Epoxies are two component systems, wherein the resin and the hardener ratio must be accurate. The reaction is exothermic, i.e. heat is released. When using epoxies the surrounding temperature should be more than 15°C and the relative humidity 40-80%. Generally, the final hardness is achieved through post-curing.
The advantages of epoxy include a low shrinkage rate, good bonding strength, high elongation at break and Young’s modulus, low water absorption, and good adaptability. Epoxies are versatile and are available with different solvent grades. In turn, the disadvantage of epoxies is their high cost. Epoxy might cause allergic reactions, so it’s important to cover your skin while working.
Thanks to its good adaptability and low water absorption, epoxy resin is the primary choice for repairing reinforced plastics, e.g. in boat reparation.
Polyester resins are widely used in reinforced plastics industries due to its beneficial price. The resins are unsaturated, comprised of polyester and styrene, and are cured at room temperature with a peroxide hardener. The curing reaction is exothermic, i.e. heat is released. The curing takes place in three stages: coagulation (gelation), curing, and post curing. The gelation time is dependent on the resin´s working time. Post-curing should be performed at 60-120 °C to achieve optimal resin properties.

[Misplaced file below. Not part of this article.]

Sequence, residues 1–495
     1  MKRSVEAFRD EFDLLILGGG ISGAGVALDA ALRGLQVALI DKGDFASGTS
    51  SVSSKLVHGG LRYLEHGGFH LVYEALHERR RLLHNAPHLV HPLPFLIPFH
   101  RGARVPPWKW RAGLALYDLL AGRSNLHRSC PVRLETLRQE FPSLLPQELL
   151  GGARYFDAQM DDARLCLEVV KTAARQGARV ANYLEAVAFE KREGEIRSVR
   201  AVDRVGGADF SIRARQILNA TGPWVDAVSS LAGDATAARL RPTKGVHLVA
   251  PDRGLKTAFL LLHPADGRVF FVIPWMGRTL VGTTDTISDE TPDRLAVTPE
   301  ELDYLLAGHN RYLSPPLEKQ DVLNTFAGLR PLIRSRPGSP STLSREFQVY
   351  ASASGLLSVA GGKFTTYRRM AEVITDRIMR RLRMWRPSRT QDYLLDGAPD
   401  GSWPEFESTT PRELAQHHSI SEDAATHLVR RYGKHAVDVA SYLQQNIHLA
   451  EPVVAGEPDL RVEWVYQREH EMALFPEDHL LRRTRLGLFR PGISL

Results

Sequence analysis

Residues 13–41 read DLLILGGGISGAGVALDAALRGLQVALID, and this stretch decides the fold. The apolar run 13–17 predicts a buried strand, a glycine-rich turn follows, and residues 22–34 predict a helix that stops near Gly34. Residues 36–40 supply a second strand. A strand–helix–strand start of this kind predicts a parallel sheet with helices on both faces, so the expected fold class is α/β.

There are different kind of polyester resins for different applications – for example, vinyl ester resin is applied in chemical containers and pipe manufacturing. Vinyl ester has better thermal and chemical resistance than the basic polyester resin, but they are usually only available in large amounts. Gelcoat and topcoat are also polyester based resins.
Gelcoats protect the laminate from weather, moisture, stresses caused by chemical exposure, as well as they give the laminate a finished surface. Gelcoats are painted or injected into the mould before the lamination process begins. The recommended application temperature is 18-22°C. Normally, the gelcoat layer weighs 550-850 g/m2, wherein the hardened surface has a thickness of 0,4-0,7 mm. It may not be applied onto an under-cured, cold, or damaged (scratches, holes, cracks, etc.) mould surface, because there can be a possibility of chemical or mechanical bondage (despite the usage of release agent).
Lamination of polyester resin should be applied on the gelcoat surface when the gelcoat is still soft. It can’t be spread directly on damaged surfaces because it doesn’t cure fully under the influence of air. A convenient coating for reparation purposes is topcoat, which is practically gelcoat, but it contains wax solution.
Topcoat is a paraffin-based surface paint that cures under the influence of air. Topcoat should by spread as soon as possible after the laminate is completed. If it is done later, the laminate surface must be thoroughly sanded and cleaned before it is applied so as to ensure adhesion. The consumption of topcoat is approximately 600 g/m2
Topcoat may not be applied on epoxy resin due to poor adhesion.